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How can we keep our helpers?

Gone are the days when being a domestic helper in Hong Kong was a top career choice for Filipino women. With increasing employment opportunities in the Philippines and other countries, the question keeps coming up my mind – How can we keep our domestic helpers?


Due to the robust growth of the Philippines’ economy, at an annual growth rate as fast as mainland China, [1] a host of well-paid local employment options have arisen. The median monthly salary is currently around 29,000 Pesos, [2] which converts to about $4,339, and is predicted to grow steadily by 6.3% per annum. [3]

Coupled with the effect of the new law in the Philippines which mandates overseas workers to pay about $350 a month in social security contributions, [4] staying in the Philippines is predicted to be an increasingly popular option among Filipino women.


On top of local employment opportunities, there are many places other than Hong Kong which hire domestic workers on lucrative terms. Notably, there is a surging demand for Filipino domestic workers among the upper-middle class in China – They are willing to offer up to $15,000 to hire an English-speaking domestic worker to be the nanny as well as English teacher for their children. [5] China apart, European countries like France and Canada, as well as Asian countries such as Japan and Korea also offer far better remuneration than Hong Kong does. [6]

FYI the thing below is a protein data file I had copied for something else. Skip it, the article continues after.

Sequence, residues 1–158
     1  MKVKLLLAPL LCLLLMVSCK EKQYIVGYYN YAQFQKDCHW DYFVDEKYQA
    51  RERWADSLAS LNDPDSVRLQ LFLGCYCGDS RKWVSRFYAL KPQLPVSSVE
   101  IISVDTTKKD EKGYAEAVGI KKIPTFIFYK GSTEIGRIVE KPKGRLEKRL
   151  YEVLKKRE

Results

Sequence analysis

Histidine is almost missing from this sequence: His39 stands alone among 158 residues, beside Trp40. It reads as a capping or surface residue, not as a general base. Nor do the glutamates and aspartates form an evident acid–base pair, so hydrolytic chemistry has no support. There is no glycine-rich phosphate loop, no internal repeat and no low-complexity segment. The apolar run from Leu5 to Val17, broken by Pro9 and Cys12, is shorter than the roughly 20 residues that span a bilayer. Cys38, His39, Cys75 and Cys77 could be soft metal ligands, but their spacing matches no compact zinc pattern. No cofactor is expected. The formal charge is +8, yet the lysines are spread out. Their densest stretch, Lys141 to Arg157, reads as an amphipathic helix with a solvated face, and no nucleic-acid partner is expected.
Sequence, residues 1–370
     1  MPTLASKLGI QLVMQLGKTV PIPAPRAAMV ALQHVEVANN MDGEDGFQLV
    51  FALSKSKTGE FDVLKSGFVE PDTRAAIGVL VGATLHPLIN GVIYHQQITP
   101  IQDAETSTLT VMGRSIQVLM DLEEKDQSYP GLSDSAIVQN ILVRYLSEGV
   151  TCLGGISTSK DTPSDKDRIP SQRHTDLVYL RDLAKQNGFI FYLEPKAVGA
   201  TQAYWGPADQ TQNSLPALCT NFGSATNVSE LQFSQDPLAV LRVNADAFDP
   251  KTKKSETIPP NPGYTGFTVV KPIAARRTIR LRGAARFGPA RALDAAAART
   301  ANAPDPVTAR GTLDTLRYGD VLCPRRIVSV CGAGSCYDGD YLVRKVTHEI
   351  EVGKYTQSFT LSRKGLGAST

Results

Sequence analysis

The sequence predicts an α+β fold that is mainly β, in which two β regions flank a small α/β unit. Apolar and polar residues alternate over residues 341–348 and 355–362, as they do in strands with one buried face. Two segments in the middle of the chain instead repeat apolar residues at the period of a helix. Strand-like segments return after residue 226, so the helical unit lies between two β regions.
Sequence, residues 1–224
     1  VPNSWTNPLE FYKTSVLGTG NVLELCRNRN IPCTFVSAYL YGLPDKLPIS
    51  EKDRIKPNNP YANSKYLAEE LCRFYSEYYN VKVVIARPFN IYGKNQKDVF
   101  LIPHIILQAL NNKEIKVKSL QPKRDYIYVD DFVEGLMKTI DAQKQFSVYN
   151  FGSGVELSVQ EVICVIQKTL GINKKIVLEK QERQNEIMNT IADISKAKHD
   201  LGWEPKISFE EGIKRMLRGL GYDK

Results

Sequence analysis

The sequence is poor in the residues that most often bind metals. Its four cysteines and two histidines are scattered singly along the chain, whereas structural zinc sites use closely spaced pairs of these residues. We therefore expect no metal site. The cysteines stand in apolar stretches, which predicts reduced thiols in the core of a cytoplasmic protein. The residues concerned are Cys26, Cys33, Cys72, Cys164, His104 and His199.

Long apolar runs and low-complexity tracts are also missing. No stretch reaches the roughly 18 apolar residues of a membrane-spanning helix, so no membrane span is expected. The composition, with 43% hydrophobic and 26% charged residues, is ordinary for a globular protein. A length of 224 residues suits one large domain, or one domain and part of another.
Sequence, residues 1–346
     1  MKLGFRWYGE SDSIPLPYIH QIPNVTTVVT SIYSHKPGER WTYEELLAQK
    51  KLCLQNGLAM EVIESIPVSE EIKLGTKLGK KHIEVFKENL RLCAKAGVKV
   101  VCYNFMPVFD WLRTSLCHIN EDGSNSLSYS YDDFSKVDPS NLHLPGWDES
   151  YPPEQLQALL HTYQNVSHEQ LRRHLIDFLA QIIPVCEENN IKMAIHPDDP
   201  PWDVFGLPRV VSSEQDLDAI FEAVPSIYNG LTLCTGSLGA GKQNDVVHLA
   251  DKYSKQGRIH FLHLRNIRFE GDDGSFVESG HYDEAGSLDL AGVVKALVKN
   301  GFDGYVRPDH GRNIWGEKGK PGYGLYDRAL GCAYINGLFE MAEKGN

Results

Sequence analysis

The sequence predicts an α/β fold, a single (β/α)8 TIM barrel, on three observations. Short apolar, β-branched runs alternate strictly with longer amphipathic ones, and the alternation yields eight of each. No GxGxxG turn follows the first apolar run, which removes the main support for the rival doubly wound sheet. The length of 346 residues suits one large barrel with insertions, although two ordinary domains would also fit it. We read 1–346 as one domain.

Wages are uncompetitive, so are the other employment terms: While countries including Canada, Kuwait and France enforce maximum working hours, [7] domestic workers are forced to live with their employers and work for as long as their employers require; while Canada, Italy and many other destinations enable workers to apply for permanent residency after a certain number of years of service, [8] the right of abode of domestic workers was flatly rejected by Hong Kong’s Court of Final Appeal in 2013. [9] Coupled with the two-week rule, unchecked agency fees and frequent cases of abuse, I cannot think of any reason why we deserve to have these dedicated domestic workers at our service.

Facing an ageing population, the demand for domestic workers is anticipated to hike by a further 240,000 in the next 30 years. [10] It is high time for Hong Kong to rethink how we should be treating our domestic helpers. Otherwise, time will prove how costly it can be to take our foreign domestic helpers for granted.

(400 words)


References and further reads:

[1] Philippines Growth to Remain Strong Despite Global Uncertainty:

[2] Average Salary in Philippines 2018 by Salaryexplorer:

[3] Salary increases in the Philippines signal positive outlook amidst stable economic growth:

[4] Filipino domestic workers in Hong Kong facing more expenses as new law forces them to make social security contributions back home:

[5] Filipino Maids to make HK $15,000 in China (31 July 2017):

[6] Domestic Helper’s New Information (2018 Update):

[7] HK Helpers Campaign – A campaign for Hong Kong’s Domestic Workers – Enforcing Maximum working hours:

[8] Canada No. 1 Destination for Maids (1 October 2011):

[9] Vallejos Evangeline Banao also known as Vallejos Evangeline B. and Daniel Domingo L. v. Commissioner of Registration and Registration of Persons Tribunal (FACV 19 and 20/2012), available on:

[10] Hong Kong will need 600,000 domestic helpers in the next 30 years amid demand for elderly care, labour chief says (5 November 2017):

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